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How the New York Mets Can Trade for Arizona Diamondbacks Shortstop Chris Owings

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How the New York Mets Can Trade for Arizona Diamondbacks Shortstop Chris Owings
Christopher Hanewinckel-USA TODA

The New York Mets still need improve this offseason if they want to compete for a playoff spot in 2014, and they can do so by trading for a shortstop.

Stephen Drew is the only legitimate option who is a free agent. Considering the Mets are only willing to sign him to a one- or two-year deal, Drew returning to Boston is more likely. Outside of Drew, the best options are on the trade market.

While every team in the league would love to have a shortstop to build around, the Arizona Diamondbacks have an excess of major league-ready shortstops who should be impact big leaguers for a long time. After acquiring Didi Gregorius for Trevor Bauer in a three-team trade last winter and drafting Chris Owings in the supplemental first round in 2009 out of high school, the Diamondbacks have the happy problem of having too many young shortstops.

Arizona also has been in search of established starting pitching all offseason, as Buster Olney tweeted earlier this offseason.

With the Diamondbacks' trade for Mark Trumbo it is clear they want to win now. Both Gregorius and Owings can’t play shortstop simultaneously, so it would be wise for the Diamondbacks to trade one of their young studs for starting pitching.

That’s where the Mets come in. New York has a number of established pitchers either in the prime of their careers or on the cusp of promising ones, many of whom would appeal to the Diamondbacks.

The two teams match up on for a trade very well, with the Mets having no legitimate options at shortstop other than Ruben Tejada and the Diamondbacks in need of a starter to solidify their rotation.

This article will focus on Owings rather than Gregorius, as the Mets should target Owings for his greater offensive upside. Arizona general manager Kevin Towers also compared Gregorius to Derek Jeter, so it’s pretty clear he values Gregorius more than the rest of the league, therefore making Gregorius less likely to be dealt.

I will first explain why the Mets should want Chris Owings, and then present three realistic trades that the Mets could make to acquire the young shortstop.

 

Why the Mets should want Chris Owings

Although Chris Owings has limited experience at the major league level, he should be an impact shortstop for a long time.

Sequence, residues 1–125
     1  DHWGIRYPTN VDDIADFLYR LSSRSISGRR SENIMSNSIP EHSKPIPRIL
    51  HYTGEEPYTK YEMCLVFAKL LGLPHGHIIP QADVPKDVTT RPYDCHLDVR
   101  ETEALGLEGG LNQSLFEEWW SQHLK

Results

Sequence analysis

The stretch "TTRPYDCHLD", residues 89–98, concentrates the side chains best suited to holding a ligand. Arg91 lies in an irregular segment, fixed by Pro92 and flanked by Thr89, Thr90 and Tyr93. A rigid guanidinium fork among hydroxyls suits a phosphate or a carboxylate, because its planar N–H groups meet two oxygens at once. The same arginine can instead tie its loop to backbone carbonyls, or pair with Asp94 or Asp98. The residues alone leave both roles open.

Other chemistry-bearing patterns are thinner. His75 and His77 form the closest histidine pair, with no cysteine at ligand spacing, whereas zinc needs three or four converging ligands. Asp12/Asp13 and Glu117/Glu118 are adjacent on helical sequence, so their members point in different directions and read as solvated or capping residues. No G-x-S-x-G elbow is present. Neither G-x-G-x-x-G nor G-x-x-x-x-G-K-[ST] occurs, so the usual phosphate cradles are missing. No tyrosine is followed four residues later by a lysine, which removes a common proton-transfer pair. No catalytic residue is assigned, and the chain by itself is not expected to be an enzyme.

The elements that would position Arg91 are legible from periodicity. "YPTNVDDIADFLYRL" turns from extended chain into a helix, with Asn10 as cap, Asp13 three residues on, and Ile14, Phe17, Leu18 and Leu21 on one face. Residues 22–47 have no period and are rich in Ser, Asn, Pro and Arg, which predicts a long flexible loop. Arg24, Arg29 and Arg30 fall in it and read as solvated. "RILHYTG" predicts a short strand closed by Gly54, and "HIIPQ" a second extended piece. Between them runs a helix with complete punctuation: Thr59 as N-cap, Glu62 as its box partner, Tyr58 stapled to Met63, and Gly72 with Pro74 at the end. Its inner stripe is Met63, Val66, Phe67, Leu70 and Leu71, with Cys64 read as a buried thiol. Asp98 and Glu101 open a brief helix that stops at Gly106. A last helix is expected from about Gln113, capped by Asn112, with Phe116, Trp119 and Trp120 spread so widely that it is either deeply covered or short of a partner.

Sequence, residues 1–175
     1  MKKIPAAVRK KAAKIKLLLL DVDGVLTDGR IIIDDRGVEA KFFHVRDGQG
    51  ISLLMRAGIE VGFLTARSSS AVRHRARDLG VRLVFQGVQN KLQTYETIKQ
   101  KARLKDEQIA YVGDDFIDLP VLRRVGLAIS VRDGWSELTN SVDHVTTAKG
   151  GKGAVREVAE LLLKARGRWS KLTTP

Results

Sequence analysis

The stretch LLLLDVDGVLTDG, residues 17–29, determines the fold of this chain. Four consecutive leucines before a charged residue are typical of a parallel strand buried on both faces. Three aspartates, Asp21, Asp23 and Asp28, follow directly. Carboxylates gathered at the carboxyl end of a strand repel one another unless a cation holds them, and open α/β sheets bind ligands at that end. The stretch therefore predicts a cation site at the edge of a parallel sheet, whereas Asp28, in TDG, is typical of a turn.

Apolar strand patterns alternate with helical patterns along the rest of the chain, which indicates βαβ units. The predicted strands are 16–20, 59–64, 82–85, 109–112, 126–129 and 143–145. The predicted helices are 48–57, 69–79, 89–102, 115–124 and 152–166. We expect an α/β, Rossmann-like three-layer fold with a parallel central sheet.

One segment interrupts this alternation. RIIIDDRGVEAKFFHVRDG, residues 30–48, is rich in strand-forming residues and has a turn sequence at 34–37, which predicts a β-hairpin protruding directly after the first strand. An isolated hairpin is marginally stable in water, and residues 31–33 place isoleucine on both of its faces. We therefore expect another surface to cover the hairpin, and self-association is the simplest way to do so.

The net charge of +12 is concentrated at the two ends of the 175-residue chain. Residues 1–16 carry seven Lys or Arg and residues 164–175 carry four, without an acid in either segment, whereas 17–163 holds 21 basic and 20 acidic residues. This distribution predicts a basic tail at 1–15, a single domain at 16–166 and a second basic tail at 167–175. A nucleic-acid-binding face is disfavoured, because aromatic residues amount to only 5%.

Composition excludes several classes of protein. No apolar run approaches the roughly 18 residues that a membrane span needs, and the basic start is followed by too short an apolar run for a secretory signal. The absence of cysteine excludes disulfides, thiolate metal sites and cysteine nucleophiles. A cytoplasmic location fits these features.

The Topps 2013 Pacific Coast League Player of the Year has plus bat speed that allows him to hit balls with authority and gives him the potential to hit for extra-base power. He combines this with a great feel for hitting, which should allow him to be a perennial .280 hitter.

Owings isn't the most patient at the plate, but considering the lack of impact hitting shortstops across baseball, Owings should be well above average offensively at the position. Owings' extra-base hit potential is evident in the below video.

As a 21-year-old in the hitter-friendly PCL, he had a concerning walk rate of just 3.8 percent, but at the same time showed off his hitting prowess with a .330 batting average and .482 slugging percentage. In Ruben Tejada’s single quality season in 2012 in which he hit .289, he had a walk rate of just 5.4 percent and slugged only .351.

Dustin Bradford/Getty Images
Owings has shown the instincts to stick at short despite his high error totals in the minors.

Owings' fielding is a concern, as he has over 20 errors per season since 2011. However, he displays impressive instincts at shortstop which imply that the high error totals could decline with more experience and could be inflated by the poor quality of minor league infields. Owings was especially impressive defensively in the futures game, making a number of solid plays, especially when he went back nicely on a pop-up.

Acquiring Owings would give the Mets a young shortstop who could be a cornerstone of the resurgence of New York Met baseball, as he has the ability to be an impact hitter at a premium position.

Now, with the Diamondbacks not having a place for Owings to play every day, the Mets need to figure out what packages they would need to put together in order to get the young shortstop as well as decide if making the deals would help both their long- and short-term goals.

 

Mets trade SP Dillon Gee to Diamondbacks for SS Chris Owings

Dillon Gee established himself as a solid mid-rotation starter in 2013 who is an integral part of the Mets' 2014 playoff chances, but they need to give something to get something.

Last year Gee came just one inning short of 200 innings and pitched a 3.62 ERA. A mid-rotation starter may not be the sexiest trade piece, but Arizona’s best pitcher, 2013 All Star Patrick Corbin, had an ERA only slightly better than Gee’s, sitting at 3.42.